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Posted by: | Posted on: August 6, 2020

Attention Home Buyers: Foreign Buyers Purchased Fewer U.S. Properties

There’s a surprising amount of competition in the housing market this summer—even as the coronavirus pandemic rages on. But buyers aren’t likely to find themselves sparring with foreign shoppers and investors.

The number of purchases from international buyers dropped 16% compared with last year, as they closed on just 3% of existing homes (previously lived-in residences), according to a recent National Association of Realtors® report. They spent about $74 billion in total on their purchases, down 5% from the previous year.

“Foreign buyers stepping back a bit is good news for domestic buyers, who have a better chance of getting the property [they want,]”
says NAR’s chief economist, Lawrence Yun.

The NAR report is based on a survey of 11,615 Realtors conducted from May 21 through June 24. It measured sales to foreign buyers who live in the United States, such as recent immigrants and visa holders, who

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Posted by: | Posted on: August 5, 2020

Trump suggests freezing evictions and payroll-tax collection through orders

President Donald Trump on Monday raised the possibility of using executive orders to suspend evictions and freeze the collection of payroll taxes, as Democrats and Republicans reported slow progress in their negotiations over another big coronavirus aid package.

“I don’t want people to be evicted,” Trump said, while speaking at a news conference on Monday evening. He said it’s “not their fault” that “they’re thrown out viciously.”

“They oftentimes will go to a shelter with tremendous numbers of other people, and the virus will spread, and we don’t want that.”

He added that he could suspend the collection of payroll taxes through executive order.

“So we’ll be talking about that, but we’re having a very good discussion with Nancy Pelosi and Chuck Schumer,” the president said, referring to the top Democratic lawmakers in the House and Senate.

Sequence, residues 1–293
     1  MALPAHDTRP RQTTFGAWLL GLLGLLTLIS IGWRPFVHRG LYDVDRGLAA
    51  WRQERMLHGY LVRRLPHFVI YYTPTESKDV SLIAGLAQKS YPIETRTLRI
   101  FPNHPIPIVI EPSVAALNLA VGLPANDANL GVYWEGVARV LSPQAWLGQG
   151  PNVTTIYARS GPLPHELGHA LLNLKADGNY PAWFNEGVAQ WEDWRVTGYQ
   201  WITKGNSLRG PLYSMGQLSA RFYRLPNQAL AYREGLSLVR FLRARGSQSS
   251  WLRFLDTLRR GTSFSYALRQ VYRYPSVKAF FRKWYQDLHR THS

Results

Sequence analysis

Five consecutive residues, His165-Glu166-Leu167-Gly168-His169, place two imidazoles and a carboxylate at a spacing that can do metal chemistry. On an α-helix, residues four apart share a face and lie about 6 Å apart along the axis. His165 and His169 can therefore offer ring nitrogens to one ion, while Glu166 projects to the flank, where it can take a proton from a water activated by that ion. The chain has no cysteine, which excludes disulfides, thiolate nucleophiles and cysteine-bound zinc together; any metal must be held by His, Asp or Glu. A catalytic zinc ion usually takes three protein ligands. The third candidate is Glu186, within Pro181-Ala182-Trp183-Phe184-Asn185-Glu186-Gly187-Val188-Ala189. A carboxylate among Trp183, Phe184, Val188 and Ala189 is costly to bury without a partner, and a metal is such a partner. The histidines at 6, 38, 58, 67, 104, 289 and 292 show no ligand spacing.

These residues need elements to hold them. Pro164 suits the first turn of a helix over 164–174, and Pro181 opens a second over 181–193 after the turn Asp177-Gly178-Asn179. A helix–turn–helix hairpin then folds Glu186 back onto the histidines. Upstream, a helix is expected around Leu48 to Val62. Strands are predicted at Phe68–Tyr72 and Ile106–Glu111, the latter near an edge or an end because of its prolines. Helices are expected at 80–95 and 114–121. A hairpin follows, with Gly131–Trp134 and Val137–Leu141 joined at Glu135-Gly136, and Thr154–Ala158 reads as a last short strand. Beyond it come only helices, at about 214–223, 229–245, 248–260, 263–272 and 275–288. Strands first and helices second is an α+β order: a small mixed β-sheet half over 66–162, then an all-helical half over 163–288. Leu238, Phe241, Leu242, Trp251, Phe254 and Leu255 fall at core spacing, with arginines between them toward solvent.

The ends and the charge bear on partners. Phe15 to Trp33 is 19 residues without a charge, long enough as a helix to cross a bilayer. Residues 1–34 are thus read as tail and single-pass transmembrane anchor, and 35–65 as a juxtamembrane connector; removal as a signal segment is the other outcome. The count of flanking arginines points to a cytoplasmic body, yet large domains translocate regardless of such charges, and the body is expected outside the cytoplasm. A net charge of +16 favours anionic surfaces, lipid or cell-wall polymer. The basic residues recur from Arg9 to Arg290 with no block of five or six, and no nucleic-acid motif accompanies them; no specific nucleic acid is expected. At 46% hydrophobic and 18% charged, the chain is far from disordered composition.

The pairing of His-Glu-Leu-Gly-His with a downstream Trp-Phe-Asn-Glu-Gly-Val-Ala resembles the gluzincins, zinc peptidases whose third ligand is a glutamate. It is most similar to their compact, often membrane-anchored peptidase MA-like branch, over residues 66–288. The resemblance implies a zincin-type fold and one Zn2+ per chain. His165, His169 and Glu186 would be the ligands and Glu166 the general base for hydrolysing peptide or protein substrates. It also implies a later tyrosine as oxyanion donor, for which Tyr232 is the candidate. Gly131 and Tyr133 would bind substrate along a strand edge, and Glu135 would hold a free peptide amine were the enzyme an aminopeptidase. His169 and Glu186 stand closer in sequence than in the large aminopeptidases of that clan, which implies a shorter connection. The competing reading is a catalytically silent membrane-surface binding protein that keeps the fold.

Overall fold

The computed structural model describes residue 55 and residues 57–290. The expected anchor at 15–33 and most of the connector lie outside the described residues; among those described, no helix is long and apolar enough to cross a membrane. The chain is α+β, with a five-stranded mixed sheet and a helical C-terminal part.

While March’s $2 trillion CARES Act established a temporary moratorium on evictions for

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Posted by: | Posted on: July 30, 2020

How the Coronavirus Pandemic Pushed Home Prices to a Record High

Who would have thought that this summer, with the number of COVID-19 cases surging and new rounds of restrictions and shutdowns, would yield one of the most competitive housing markets in recent memory? Nonetheless, home prices have hit record highs as buyers are battling it out across the nation over a limited selection of reasonably priced abodes.

In July, the median home price shot up 8.5% year over year, to hit a new all-time high of $349,000, according to the most recent realtor.com® data.  And those mind-boggling high prices, shooting up in the middle of a recession with the worst unemployment since the Great Depression and an economy undergoing a historic contraction, are a direct result of the pandemic.

Buyers paid a median $27,000 more for a home in July than they did last year because the supply of available properties for sale plummeted at the same time that demand

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Posted by: | Posted on: July 30, 2020

Pending Home Sales Continued to Rebound Across the Country in June (for Now)

The numbers: The index of pending home sales rose 16.6% in June as compared with May, the National Association of Realtors reported Wednesday.

The increase comes after pending home sales experienced the largest monthly rise on record last month, the trade group said.

Compared with a year ago, contract signings were up 6.3%, a sign of how sharply the market has rebounded from its coronavirus-related low.

“It is quite surprising and remarkable that, in the midst of a global pandemic, contract activity for home purchases is higher compared to one year ago,” Lawrence Yun, the National Association of Realtors’ chief economist, said in the report. “Consumers are taking advantage of record-low mortgage rates resulting from the Federal Reserve’s maximum liquidity monetary policy.”

The index measures real-estate transactions where a contract was signed for a previously-owned homes but the sale had not yet closed, benchmarked to contract-signing activity in 2001.

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Posted by: | Posted on: July 29, 2020

The Surprising Reason the Homeownership Rate Surged in a Pandemic

In the middle of a recession and the worst public health crisis in a century, the U.S. homeownership rate surged to its highest point since the Great Recession.

The homeownership rate reached 67.9% in the second quarter of 2020, according to a recent report from the U.S. Census Bureau. That’s up from 65.3% of Americans owning their residences in the first quarter of the year and 64.1% in the second quarter of last year.

While on the surface the housing market appears to have recovered from the housing crash of more than a decade ago, the rate is a bit deceiving. The Census’ data collection efforts were affected by the novel coronavirus and ensuing shutdowns.

“Part of the increase we’re seeing is likely due to changes in the way the U.S. Census Bureau collected data,” says realtor.com® Chief Economist Danielle Hale. “The housing market is doing really well. It’s

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